If you've ever been a verbal punching bag for an unruly parent, you might be surprised to read how common this kind of abuse is becoming. Obviously, if you are forced to face down a violent or aggressive parent, strategies will do very little to help bring a positive resolution. But teachers should be aware of the problem and think through what their school's policy is and what their personal reaction should be.
Like most things, there's a science to the emotion of anger. This author boils down the reasons behind why we get angry to two: violation of expectation and blockage of goals. And while different people have different specific anger triggers, knowing that anger is rooted in those basic causes can help you to put yourself in the shoes of someone whose anger at you seems irrational.
The two-word answer--very carefully--is only partially tongue-in-cheek. The rest of this NEA article details some specific strategies to employ when you find yourself on the receiving end of a parent tantrum.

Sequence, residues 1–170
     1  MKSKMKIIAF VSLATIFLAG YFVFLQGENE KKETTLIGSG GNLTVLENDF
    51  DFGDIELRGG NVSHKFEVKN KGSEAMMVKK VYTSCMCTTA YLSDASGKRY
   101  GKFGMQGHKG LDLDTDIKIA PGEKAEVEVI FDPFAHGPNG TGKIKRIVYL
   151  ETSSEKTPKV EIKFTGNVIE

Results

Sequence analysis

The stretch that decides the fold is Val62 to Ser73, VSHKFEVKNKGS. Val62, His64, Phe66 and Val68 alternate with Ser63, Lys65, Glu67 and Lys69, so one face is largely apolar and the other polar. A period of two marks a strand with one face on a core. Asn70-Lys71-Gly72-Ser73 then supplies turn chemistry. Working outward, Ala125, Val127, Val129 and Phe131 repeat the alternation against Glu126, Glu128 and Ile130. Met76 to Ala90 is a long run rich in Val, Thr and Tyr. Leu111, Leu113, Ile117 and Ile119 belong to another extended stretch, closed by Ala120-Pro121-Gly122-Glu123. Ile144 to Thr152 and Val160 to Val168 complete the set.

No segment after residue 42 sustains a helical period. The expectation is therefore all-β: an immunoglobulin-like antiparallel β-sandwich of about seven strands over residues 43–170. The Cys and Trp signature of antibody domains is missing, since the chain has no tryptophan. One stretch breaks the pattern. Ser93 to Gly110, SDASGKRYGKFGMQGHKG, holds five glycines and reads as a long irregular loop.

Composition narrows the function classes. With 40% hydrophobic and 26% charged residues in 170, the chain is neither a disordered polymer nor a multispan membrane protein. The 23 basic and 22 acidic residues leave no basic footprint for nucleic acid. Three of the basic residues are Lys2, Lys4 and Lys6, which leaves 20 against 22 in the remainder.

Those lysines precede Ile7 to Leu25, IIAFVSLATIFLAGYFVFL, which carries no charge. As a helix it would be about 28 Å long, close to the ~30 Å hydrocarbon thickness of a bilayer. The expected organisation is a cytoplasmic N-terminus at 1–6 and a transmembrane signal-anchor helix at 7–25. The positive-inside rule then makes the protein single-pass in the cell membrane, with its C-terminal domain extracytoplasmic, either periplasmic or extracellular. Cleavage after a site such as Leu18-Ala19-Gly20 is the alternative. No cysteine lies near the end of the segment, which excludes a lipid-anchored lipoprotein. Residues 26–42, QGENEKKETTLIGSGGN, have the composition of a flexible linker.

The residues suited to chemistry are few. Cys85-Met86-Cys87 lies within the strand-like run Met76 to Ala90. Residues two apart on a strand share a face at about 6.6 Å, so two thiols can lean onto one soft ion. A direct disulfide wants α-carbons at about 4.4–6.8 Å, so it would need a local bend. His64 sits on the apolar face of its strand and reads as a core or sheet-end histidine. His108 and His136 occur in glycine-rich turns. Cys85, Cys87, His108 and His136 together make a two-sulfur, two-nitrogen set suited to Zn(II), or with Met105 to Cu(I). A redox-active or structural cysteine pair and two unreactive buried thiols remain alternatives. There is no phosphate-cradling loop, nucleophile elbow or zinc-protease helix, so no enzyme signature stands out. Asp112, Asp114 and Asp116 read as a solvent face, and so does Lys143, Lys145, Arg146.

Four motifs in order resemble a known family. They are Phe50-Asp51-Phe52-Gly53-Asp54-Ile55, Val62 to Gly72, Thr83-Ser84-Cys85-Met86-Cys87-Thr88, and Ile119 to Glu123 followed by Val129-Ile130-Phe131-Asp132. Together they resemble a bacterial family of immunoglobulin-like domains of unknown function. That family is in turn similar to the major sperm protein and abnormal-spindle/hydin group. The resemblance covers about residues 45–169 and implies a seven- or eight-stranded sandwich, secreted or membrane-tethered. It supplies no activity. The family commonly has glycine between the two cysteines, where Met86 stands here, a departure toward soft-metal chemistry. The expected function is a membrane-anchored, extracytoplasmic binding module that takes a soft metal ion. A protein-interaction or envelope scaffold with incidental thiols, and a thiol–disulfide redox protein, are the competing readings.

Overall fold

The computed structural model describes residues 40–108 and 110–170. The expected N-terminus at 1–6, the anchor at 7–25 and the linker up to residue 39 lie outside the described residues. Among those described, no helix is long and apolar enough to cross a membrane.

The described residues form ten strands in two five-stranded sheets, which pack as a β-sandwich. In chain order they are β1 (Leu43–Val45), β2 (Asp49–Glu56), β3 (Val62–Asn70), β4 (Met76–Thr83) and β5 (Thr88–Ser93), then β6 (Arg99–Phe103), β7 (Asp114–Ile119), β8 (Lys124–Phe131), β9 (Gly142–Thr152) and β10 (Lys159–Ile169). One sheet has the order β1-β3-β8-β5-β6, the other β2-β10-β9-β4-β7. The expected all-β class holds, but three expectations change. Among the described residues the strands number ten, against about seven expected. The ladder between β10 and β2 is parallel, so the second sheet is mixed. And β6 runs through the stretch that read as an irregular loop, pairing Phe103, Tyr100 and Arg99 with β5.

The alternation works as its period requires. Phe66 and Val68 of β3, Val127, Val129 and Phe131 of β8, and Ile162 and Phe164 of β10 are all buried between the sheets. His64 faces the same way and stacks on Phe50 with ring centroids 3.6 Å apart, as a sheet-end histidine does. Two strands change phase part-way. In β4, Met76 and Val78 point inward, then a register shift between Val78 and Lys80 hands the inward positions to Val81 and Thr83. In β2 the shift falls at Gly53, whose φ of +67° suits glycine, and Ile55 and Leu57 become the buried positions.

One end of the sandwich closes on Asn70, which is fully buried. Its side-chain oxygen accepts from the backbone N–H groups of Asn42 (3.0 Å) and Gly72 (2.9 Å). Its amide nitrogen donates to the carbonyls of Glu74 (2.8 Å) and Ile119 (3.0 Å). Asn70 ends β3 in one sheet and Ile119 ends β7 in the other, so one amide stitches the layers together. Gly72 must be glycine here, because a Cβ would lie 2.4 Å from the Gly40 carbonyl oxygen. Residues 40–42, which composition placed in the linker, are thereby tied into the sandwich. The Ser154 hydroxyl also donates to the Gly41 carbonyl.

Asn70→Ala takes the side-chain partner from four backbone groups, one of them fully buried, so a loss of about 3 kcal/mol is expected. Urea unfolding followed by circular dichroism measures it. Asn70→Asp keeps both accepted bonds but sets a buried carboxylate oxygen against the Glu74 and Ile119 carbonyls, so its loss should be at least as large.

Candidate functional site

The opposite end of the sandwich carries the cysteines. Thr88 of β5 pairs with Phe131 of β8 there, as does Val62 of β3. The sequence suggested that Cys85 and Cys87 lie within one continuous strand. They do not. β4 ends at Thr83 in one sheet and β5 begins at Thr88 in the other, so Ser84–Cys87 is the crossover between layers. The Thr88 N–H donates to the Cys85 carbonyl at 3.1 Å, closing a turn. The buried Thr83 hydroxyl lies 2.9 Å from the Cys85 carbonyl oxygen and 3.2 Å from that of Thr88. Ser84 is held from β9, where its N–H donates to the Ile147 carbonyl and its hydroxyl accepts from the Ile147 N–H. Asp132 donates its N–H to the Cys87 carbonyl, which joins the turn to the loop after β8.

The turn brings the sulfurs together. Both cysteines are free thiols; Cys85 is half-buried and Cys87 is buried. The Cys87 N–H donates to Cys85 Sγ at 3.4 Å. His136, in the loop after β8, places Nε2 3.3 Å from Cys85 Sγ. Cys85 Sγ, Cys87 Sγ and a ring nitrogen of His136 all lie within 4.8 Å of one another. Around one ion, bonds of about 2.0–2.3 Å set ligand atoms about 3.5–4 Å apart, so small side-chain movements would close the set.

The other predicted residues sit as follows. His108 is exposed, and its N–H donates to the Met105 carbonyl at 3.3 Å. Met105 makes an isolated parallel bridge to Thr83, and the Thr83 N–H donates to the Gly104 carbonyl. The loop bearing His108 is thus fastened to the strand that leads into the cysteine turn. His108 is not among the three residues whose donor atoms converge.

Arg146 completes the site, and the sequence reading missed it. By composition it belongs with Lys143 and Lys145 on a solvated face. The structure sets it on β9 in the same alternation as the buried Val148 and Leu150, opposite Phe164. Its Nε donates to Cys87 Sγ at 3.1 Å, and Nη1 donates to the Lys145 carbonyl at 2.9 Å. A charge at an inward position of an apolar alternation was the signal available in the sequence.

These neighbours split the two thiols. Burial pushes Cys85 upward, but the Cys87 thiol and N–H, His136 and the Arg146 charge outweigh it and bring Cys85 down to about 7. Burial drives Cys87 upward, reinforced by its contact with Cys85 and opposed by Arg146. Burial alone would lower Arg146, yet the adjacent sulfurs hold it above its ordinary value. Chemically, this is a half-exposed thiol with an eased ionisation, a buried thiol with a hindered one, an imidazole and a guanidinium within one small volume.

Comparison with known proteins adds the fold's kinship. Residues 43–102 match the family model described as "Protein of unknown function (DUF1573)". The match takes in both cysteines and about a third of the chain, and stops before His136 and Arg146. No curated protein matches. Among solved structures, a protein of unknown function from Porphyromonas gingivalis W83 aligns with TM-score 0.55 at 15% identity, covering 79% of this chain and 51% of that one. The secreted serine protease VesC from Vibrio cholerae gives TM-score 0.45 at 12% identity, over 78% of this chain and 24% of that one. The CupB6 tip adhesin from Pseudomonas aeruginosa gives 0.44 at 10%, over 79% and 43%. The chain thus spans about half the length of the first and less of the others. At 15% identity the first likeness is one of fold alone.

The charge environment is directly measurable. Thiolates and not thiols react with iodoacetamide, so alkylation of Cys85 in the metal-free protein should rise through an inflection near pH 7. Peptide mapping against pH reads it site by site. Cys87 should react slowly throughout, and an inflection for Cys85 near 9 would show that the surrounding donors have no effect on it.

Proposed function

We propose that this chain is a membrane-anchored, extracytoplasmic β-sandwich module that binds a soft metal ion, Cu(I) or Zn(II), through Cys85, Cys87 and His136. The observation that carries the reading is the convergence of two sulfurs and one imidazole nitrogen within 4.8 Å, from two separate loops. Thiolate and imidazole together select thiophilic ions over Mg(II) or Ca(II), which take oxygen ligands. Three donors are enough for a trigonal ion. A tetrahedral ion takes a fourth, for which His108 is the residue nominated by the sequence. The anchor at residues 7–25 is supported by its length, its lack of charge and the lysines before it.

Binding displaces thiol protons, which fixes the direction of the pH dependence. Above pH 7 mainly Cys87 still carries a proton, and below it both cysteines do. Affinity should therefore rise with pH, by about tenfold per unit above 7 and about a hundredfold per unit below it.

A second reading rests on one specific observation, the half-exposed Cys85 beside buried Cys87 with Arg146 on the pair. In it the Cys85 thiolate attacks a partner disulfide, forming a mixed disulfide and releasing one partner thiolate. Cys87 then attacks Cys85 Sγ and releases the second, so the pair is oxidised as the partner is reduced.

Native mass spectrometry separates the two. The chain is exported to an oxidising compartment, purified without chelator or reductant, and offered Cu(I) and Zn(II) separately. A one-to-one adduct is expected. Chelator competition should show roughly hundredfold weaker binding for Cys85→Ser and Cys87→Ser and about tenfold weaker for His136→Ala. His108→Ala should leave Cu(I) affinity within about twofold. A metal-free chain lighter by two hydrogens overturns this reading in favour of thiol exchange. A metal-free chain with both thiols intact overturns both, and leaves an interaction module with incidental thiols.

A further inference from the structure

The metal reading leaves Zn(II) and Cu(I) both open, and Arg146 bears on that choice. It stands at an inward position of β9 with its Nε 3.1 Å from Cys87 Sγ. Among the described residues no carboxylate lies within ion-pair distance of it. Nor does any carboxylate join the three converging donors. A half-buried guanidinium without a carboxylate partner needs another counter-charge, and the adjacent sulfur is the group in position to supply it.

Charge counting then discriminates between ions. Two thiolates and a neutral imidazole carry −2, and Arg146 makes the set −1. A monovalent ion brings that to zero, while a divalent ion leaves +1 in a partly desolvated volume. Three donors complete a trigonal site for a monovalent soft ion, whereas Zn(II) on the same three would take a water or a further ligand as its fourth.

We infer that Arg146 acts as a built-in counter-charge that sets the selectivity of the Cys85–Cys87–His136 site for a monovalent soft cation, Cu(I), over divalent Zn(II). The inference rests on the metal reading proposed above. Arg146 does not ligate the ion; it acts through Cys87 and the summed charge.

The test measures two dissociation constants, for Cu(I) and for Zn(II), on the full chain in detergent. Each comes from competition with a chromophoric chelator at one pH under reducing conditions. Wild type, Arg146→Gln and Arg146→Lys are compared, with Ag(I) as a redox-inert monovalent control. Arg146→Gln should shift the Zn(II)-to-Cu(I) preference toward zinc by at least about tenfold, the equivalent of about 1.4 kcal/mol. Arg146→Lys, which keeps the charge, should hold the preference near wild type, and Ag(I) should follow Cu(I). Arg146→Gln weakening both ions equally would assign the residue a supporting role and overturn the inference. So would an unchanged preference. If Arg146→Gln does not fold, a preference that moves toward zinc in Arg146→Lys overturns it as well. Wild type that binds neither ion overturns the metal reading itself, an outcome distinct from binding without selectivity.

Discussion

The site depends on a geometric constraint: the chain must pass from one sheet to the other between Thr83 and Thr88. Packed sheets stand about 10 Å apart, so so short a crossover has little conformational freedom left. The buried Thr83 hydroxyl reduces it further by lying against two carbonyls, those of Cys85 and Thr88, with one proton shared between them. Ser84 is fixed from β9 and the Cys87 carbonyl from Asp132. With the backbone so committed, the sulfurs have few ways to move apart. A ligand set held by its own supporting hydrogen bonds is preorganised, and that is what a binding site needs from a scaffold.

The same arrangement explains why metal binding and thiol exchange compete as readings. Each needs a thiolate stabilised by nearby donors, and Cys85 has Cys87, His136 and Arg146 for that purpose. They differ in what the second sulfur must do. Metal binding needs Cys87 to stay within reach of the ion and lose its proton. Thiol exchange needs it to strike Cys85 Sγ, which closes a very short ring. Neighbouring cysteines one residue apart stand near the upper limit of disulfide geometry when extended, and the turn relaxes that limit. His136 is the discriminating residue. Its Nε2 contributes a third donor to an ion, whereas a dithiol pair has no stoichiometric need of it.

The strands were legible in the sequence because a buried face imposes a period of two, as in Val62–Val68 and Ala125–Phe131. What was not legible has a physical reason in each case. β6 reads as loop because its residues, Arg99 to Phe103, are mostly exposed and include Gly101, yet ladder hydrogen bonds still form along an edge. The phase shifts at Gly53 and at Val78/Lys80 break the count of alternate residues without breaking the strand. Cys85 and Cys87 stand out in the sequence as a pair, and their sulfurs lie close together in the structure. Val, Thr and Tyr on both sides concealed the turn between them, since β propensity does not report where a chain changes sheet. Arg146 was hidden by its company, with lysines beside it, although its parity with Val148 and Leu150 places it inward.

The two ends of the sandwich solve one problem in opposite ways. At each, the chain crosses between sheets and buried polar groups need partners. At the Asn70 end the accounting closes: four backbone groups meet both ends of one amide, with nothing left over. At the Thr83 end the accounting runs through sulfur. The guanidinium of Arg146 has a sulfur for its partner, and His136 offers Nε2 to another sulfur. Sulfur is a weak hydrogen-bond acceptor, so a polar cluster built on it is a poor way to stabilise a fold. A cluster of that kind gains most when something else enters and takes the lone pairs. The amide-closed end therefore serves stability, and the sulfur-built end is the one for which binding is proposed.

When we think about dealing with an angry parent, we tend to envision a person whose face is contorted, body language aggressive and voice raised. However, anger sometimes comes in a passive-aggressive package. This article addresses this more subtle--and sometimes more difficult--type of anger, although the tips for dealing with it are much the same as for open anger.
While this resource is not aimed at teachers in particular, but rather social workers and counselors, the principles remain the same. In addition to practical advice on how to deal with the heat, the article suggests a number of phrases to avoid with parents.
It's one thing when a parent becomes angry with us, but quite another when we find ourselves becoming angry with a parent, student or colleague. This article addresses the problem of our own anger and suggests how to channel it in a healthy way.